The recent tragedy at the Washington Navy Yard, one in a long line of shooting sprees, has highlighted the issues of mass murder, gun control and, in this case, untreated psychosis.
Readers of this column know that I was once diagnosed with schizophrenia and that I was hospitalized twice in psychiatric wards in the late 1990s.
Like the vast majority of people with severe mental illness, I have never been violent in my life. I do not own a gun, and I do not want one. The reason is not because I am a threat to anyone else. It is because I could be a threat to myself, and studies show that suicides and accidental deaths, as well as homicides, increase when someone has a gun in the household.
On Wednesday, Sept. 25, I gave a talk at USC Verdugo Hills Hospital in Glendale, Calif., a suburb of Los Angeles, on the occasion of Suicide Prevention Awareness Month.
According to the Centers for Disease Control and Prevention, the overall rate of suicide in this country in 2010, the most recent year for which statistics were available, was 12.1 per 100,000 people. As it turns out, 45-to-64 year olds (my age group) were the sector most likely to commit suicide, doing so at a rate of 18.6 per 100,000. Those 85 and older were the next most likely to take their lives, at a rate of 17.6 per 100,000.
USC VHH is in some respects unique in that its psych ward, known as the Stepping Stones Program, treats only "geriatric" patients, which, believe it or not, means people as young as 50 years old.
The hospital, which was recently taken over by USC, also represents a case study in the growing trend among community hospitals to seek partners and merge with larger research facilities. Mergers such as this should help smaller hospitals compete more effectively in the new era presaged by the Affordable Care Act, notwithstanding the efforts by some members of the GOP to defund Obamacare, efforts that are doomed to fail.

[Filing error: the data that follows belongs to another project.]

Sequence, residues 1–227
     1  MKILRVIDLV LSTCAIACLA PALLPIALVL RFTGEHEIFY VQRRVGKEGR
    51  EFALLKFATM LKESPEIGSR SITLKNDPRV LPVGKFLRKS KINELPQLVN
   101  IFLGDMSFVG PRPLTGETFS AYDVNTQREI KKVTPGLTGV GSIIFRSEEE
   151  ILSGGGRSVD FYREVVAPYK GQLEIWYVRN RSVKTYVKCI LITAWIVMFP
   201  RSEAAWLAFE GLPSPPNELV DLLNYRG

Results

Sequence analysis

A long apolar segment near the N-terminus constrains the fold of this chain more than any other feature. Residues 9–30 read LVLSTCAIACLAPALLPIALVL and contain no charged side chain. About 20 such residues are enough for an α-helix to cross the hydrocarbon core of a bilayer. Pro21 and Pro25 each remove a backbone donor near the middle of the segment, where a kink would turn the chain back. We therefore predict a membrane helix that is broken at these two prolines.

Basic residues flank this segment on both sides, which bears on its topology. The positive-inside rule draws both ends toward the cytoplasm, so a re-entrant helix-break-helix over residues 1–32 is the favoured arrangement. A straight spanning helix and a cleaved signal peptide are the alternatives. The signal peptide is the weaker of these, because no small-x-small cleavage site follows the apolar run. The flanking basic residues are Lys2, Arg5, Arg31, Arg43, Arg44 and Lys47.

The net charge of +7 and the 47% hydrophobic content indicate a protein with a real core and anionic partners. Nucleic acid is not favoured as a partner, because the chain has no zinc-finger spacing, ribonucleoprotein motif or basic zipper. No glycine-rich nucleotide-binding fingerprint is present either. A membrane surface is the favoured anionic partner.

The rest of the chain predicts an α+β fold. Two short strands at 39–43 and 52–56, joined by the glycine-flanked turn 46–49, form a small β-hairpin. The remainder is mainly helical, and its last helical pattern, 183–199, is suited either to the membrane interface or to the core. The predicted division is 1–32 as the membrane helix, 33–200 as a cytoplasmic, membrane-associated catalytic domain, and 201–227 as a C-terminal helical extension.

Before I gave my talk at USC VHH on Sept. 25, I met with Purnima Panchal, Stepping Stones' Community Education Manager. Panchal, who has an MBA as well as a Masters in Psychology and who hails from India, introduced me to 25 health care administrators, case managers and clinicians in a conference room near the lobby of the hospital.
When I spoke, I focused on my psychotic break in 1999, the more psychotic of my two episodes.
I described a harrowing, six-hour trek I took across the streets of Los Angeles, in which I feared that I might be assassinated and blamed for a series of murders sweeping the country. Fortunately, I got back on my meds at the UCLA Neuropsychiatric Institute. That helped to stabilize me after a 72-hour hold. More importantly, from the perspective of my long-term health, I had a job as a proofreader in the newspaper business, a field I love; a compassionate and wise boss; and an angelic girlfriend, Barbara, who is now my wife.
As I have noted before, Freud was right when he said that work and love are keys to a fulfilling life.
After the discussion, one attendee asked me what signs of depression I had shown as a child. I mentioned that I had been traumatized by a few birthday parties when I was very young and that for years I was extremely reluctant to socialize with anyone my age.
Another attendee, an African-American woman, told me that there have been two suicides in her family. The stigma is so deep in her family and community that her mother still claims that her sister was killed, when in fact she killed herself.
If the stigma of mental illness and suicide remains acute for African-Americans, it is even worse for men, irrespective of their race.
Given that my talk was on "Men, Mental Illness and Suicide," it struck me as a sad yet predictable irony that only one man attended the event. More so than women, men need to gain awareness of these issues, shed their self-defeating macho attitudes, and learn that it does not make them weak if they suffer from depression, psychosis or suicidal thoughts.
That so many men refuse to discuss these problems helps to explain why men are four times more likely than women to commit suicide. As I pointed out in my last piece, men also tend to use more inherently violent methods, such as a gun, for the fatal act.
Angry people and those with severe mental illness have been with us since the beginning of time and will always exist on this planet. We will never be able to legislate away anger or mental illness.
What we can do, though, is make it much more difficult for anyone, angry or not, mentally ill or otherwise, to obtain guns in this country.
And if a person has a history of serious mental illness, that person should be barred from owning a firearm. Once again, the primary reason for this is the threat of suicide, not homicide. The vast majority of those with severe mental illness are never a threat to anyone but themselves.